Tuesday, 18 June 2013

SJIBFS Flash Fiction competition entry

To celebrate this year’s National Flash Fiction Day 2013, a friend of mine, Susi Holliday collaborated with The British Fantasy Society (BFS) to create the very first SJIBFS Flash Fiction competition.

I wrote a piece for it, and was lucky enough to get Longlisted (down to the last 20). 

This was the photo that inspired me. 

Everyone said it couldn’t happen, they said, ‘We’ll be fine’, living in their ignorance as they always did with their blinkers on. Annihilate other species, destroy the environment; ‘It’ll be fine, we’ll find a way, someone will save the day. It’s not that bad, is it?’

And even when the fires started no one thought much of it. ‘We’ve had bush fires before, we can manage them, it won’t be a problem, you’ll see. The weather will change, the drought will break, and it’ll be over soon.’ And even when people started dying and homes were ravaged, and everyone thought it was awful, they still went about their day-to-day business.

But then the fires started to get bigger, started to spread into the nice neighbourhoods, burn down the well-to-do homes and that’s when it started to hit the news. And slowly every day people started tuning in, panic started rising, the rush started.

The weather didn’t break and they spread to the cities, and cropped up in places in the world that hadn’t experienced them before. Things started to get out of hand. People started to get out of hand.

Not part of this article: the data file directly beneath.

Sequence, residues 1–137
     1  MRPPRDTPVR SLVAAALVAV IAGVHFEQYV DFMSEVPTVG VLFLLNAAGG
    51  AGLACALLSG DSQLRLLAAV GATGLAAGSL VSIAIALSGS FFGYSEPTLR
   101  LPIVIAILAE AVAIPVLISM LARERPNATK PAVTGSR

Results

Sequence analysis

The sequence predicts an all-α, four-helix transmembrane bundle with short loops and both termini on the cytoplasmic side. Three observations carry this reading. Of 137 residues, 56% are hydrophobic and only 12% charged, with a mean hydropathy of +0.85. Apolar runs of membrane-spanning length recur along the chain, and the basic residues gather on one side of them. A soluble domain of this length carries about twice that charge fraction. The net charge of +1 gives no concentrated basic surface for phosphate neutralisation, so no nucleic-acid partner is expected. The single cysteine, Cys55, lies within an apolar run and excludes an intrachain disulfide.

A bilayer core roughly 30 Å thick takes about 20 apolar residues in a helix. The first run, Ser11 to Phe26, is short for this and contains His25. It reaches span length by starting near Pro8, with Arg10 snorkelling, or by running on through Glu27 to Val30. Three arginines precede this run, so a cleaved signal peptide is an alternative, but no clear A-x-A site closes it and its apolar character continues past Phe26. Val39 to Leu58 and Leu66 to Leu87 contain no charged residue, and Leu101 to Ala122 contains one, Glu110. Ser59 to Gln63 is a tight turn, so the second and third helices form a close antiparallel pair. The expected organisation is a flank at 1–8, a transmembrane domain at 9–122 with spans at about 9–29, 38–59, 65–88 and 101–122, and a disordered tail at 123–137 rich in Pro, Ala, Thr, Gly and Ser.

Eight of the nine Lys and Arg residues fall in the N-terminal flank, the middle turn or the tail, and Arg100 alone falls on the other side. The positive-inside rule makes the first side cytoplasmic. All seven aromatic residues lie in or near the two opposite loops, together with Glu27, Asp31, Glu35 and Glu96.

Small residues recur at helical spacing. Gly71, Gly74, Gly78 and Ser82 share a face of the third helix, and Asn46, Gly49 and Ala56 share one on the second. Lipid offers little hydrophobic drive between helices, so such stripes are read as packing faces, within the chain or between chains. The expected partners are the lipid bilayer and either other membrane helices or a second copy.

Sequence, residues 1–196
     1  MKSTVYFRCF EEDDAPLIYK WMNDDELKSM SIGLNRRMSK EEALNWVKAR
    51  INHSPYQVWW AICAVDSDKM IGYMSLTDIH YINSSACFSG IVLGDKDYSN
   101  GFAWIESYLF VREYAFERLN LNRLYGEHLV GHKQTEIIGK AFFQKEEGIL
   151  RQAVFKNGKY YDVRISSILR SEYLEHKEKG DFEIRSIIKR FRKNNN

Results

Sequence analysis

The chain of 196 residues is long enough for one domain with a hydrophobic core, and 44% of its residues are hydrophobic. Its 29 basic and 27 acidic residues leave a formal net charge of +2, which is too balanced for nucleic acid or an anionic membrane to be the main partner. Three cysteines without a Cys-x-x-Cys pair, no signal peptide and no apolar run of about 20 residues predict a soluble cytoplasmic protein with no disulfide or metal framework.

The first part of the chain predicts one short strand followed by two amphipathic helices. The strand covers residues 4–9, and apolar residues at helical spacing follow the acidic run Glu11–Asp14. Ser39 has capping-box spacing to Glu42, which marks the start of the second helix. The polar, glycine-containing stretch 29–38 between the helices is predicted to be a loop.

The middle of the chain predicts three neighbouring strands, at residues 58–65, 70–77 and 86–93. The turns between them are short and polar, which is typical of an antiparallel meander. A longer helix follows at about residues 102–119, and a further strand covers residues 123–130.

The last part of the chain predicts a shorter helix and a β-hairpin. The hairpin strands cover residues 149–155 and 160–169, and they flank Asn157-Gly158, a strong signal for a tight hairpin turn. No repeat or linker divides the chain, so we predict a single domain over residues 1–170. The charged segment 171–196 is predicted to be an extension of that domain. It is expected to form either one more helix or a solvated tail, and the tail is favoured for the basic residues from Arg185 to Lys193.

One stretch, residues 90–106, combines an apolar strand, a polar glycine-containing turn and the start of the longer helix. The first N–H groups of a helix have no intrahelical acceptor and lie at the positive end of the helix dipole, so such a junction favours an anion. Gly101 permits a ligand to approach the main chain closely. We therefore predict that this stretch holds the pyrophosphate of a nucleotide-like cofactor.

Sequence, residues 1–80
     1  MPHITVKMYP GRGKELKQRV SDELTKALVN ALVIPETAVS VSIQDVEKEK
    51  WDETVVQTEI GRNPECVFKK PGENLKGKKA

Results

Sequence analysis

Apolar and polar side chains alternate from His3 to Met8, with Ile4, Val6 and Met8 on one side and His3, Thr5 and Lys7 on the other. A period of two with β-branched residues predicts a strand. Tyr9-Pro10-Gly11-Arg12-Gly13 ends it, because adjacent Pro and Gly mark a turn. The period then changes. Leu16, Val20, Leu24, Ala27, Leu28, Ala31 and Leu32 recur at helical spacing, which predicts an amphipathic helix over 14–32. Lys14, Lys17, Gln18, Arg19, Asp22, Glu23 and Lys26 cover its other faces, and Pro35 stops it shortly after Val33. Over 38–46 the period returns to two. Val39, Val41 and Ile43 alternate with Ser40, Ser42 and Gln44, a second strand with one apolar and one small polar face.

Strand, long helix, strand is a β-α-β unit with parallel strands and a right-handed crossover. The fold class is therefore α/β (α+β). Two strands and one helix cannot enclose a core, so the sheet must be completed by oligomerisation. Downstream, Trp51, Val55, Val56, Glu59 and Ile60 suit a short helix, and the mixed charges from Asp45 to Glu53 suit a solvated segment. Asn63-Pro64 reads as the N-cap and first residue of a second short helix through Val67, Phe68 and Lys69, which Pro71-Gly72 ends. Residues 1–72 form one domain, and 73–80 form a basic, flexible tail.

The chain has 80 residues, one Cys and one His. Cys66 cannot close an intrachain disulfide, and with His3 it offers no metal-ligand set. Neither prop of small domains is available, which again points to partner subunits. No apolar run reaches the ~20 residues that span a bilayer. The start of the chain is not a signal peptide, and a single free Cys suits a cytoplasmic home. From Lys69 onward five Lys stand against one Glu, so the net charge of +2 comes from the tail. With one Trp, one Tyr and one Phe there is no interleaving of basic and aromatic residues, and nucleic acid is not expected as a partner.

Jonas looked up into the night sky. He could just make it out on the horizon, a faint dusty ball of light. It seemed incredible and ironic to Jonas that at this distance it could still be a threat, but that’s what they said.

He was lucky; he’d been one of the lucky ones to know the right people; to already be involved with the right organisations and have the right credentials to be part of the crew. He looked back at the bubble they were now living in through the visor of his Space helmet, and although it wasn’t much, he couldn’t be more grateful for its existence.

Prior to the fires the public had been so obsessed with celebrity, with social media and talking politics and religion, they hadn’t been aware of what had been going on in Space. Space travel was considered ‘passé’, so ‘last decade’. Life had been all about technology, the miniature electronic kind; Smartphones, Tablets, iPods, MP3 players, all about accessing, creating and sharing content on the Internet, and getting whatever they could for free. They weren’t listening to, or watching what was going on in Space.

And when the fires had started to get out of control the decision had been made to take it out of the public forum, to pull it back from the public eye and move it into the secrecy zone. And thanks to the distractions no one seemed to notice.

Life on Mars wasn’t as lively as the TV show, but it was certainly better than no life at all. Jonas just hoped they were wrong and that the burning ball that was once their home wasn’t going to lose its orbit and swing their way. 


  1. I like it. Bit worried now about all the distractions that I am obviously being party to on Twitter now though. And it does feel a little humid today...

  2. LOL! Indeed, gives you something to think about! ( ; >

  3. Loved reading it again and seeing it here accompanied by a fab photo! Great story, Miranda x

  4. This is cool...or rather not, lol! Nice piece of writing Miranda. I'll keep a look out for their next Flash Fiction contest, I must have been too distracted this time, he he!